What Makes an Organization Jewish?

What special expectations should there be of an organization when “Jewish” is a qualifier? What demands should there be on the leaders of such Jewish organizations to fulfill these expectations? As I have learned about Jewish Family Service (JFS) through my service-learning fieldwork there, I have wondered how a leader or group of leaders integrates a moral principle into the infrastructure of an institution.

JFS serves disadvantaged populations, enacting the Jewish value of caring for vulnerable members of society. A helping organization like JFS lives out its values by offering aid to the community in whatever ways it is capable. But through my exposure to the agency, I have seen that JFS also treats its own employees with the same rachamim (compassion) that it does its clients.

Several months ago one of the clients of a JFS social worker died—an occurrence not unusual in an organization that cares for seniors and other vulnerable members of the community. As is not uncommon in this situation, the employee found that dealing with her grief over the death was extremely complex, and she struggled to mourn the loss. When we think of the grieving people touched by a death, we might not first think of the individual’s social worker. But why not? The social worker’s job is to involve him or herself in a person’s life and be concerned for his or her well-being.

Members of the JFS community decided to take action and create an outlet for those grappling with the death of a client. After discussing the possible ways to design and implement this project, staff members decided to involve me in the process. I was flattered and surprised to be called upon in a rabbinic capacity even though this kind of work was not previously included in my job description. Ultimately the decision was made to create a permanent ritual, whereby employees can acknowledge their grief whenever they experience a client’s death, as well as to institute an annual memorial service. We set up a vase in a convenient location in the office with the word “remembering” written on it. Any JFS employee can take a stone, write the initials of their deceased client on the stone, and then place it in the vase.

We also compiled a set of readings from prayer books that are meant to offer comfort and reflection to those dealing with death. When the staff member places their stone in the vessel, he or she is also welcome to take one of these printed readings with them. The ritual was officially introduced in a short ceremony at the next monthly staff meeting. The ceremony will publicly acknowledge the legitimacy of JFS employees’ experiences when they face the death of their clients.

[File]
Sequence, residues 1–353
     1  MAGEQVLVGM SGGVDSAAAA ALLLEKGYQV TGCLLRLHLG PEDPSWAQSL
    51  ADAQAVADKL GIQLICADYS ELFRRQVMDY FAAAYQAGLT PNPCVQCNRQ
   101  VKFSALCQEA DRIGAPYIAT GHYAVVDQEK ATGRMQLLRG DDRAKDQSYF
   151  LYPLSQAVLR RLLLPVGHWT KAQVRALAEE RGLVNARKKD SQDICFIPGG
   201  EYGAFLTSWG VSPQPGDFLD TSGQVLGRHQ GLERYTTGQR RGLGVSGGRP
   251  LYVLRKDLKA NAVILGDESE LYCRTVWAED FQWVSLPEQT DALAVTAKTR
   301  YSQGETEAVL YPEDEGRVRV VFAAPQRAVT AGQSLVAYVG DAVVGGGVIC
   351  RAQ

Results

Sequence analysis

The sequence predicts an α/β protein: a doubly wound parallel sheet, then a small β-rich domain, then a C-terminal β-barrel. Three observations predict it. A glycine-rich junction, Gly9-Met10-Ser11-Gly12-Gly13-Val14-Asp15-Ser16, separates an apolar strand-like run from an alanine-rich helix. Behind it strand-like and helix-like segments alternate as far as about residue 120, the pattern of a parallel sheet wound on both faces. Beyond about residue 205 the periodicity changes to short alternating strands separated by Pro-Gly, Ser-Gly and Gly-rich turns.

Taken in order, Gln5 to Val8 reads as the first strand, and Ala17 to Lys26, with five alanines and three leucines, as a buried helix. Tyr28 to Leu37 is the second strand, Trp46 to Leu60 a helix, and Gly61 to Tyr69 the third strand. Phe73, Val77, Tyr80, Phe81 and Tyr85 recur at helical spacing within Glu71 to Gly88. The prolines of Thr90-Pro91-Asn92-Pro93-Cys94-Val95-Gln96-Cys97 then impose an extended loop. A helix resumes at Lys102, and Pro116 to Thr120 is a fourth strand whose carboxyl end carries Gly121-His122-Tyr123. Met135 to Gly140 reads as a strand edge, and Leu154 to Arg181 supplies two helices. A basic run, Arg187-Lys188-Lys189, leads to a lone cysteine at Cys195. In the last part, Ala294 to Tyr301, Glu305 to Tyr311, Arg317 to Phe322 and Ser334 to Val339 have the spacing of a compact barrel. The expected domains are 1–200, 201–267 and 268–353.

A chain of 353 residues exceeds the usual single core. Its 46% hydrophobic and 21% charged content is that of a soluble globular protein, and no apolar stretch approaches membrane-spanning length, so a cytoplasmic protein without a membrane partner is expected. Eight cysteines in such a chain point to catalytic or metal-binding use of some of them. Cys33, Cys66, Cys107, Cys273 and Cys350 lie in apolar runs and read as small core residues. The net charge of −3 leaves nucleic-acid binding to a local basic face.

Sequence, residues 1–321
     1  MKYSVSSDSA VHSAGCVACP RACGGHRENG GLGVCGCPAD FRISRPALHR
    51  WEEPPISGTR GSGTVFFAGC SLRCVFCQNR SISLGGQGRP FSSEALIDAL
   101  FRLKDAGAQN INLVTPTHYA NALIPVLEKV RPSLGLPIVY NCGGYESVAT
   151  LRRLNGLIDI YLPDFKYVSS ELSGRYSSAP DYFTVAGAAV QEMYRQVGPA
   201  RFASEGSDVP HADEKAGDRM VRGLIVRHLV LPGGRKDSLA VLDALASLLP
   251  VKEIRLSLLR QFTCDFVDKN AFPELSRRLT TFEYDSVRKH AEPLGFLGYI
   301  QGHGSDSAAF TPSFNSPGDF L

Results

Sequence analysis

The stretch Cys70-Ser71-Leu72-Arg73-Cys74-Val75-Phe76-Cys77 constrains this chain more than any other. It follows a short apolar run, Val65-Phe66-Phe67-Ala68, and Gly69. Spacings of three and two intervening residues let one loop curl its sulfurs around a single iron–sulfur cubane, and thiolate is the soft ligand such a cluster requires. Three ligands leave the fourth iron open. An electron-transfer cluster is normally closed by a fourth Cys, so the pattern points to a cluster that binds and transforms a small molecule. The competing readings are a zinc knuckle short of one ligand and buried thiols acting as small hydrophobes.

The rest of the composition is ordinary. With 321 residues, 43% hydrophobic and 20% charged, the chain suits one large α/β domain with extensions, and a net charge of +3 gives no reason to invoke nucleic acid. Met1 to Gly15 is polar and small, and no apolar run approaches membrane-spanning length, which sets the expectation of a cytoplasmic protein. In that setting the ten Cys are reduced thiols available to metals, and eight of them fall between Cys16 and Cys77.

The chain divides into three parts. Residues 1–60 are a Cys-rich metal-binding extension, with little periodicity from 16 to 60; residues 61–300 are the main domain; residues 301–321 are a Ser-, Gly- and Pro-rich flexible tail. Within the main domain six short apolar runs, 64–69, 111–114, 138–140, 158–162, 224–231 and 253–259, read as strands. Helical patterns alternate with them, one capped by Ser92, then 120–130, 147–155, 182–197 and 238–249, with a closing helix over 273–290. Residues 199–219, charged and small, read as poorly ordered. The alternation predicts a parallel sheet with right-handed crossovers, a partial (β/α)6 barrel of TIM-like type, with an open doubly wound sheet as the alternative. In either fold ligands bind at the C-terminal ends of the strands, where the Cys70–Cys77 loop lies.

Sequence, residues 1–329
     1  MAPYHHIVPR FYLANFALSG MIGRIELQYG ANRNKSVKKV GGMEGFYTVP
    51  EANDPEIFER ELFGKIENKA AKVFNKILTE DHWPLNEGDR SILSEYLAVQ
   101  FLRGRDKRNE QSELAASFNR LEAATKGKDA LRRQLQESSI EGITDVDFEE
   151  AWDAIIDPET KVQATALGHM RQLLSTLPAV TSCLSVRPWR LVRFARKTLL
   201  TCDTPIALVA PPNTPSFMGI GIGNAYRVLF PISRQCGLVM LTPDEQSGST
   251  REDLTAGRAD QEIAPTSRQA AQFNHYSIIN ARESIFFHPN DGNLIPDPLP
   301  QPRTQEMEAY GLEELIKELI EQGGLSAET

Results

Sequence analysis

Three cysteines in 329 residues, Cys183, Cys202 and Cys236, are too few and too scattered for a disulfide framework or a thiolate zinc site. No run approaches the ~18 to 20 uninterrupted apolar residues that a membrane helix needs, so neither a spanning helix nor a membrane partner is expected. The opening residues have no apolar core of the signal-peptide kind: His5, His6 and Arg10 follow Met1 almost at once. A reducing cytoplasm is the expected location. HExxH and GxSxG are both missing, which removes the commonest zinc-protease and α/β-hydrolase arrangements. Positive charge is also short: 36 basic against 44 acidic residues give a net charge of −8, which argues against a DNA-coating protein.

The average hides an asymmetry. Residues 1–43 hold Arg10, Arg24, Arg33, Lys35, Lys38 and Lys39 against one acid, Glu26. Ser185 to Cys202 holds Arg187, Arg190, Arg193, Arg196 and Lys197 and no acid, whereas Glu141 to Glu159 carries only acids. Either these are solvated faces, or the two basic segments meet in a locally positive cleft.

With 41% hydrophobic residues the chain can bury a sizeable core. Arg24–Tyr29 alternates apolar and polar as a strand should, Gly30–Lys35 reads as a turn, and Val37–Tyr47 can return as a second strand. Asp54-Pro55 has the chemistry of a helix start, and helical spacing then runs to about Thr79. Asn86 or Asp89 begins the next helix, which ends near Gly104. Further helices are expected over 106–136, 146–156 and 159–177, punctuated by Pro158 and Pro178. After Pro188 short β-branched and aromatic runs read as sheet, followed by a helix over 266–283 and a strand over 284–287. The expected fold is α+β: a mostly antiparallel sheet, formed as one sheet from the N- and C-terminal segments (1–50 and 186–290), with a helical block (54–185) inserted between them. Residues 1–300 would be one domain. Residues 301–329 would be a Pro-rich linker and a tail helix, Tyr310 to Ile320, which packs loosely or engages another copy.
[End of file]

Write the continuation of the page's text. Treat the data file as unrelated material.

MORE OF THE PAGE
This experience reminds me of a text we studied in a Talmud course taught by Dean Jonathan Cohen about why giving tzedakah (charity) is required of the entire community. The Rabbis teach us that everyone is deserving of a certain standard. We tend to think of this concept in relation to fair treatment of marginalized members of our society, but it remains true for everyone, including employees in our institutions. The responsibility falls on the leaders to ensure such standards are met.

At JFS this meant introducing a ritual to help case managers mourn the deaths of their clients. The creation of this ritual represents that JFS values its staff, acknowledging the pain of this kind of suffering. At this stage in my education I am learning and exploring how to be a leader. My experience with Jewish service-learning has instilled in me the importance of creating a standard and constantly striving to meet the standard that the Jewish qualifier demands.

In the future, when I hope to be the rabbi of a synagogue, in some ways I will be responsible for how staff members are treated, both in terms of their salary and benefits as well as in terms of how they are treated by other members of the synagogue’s leadership and the congregation itself. My example and my decisions will both contribute to determining the culture of the synagogue. The decisions of the leadership reflect and determine the character of the institution itself and all who are associated with the institution. I must remain conscious of this dynamic if I hope to maintain the congregation’s and my own moral integrity.

Andi Feldman is a TJF Fellow working at Jewish Family Service.

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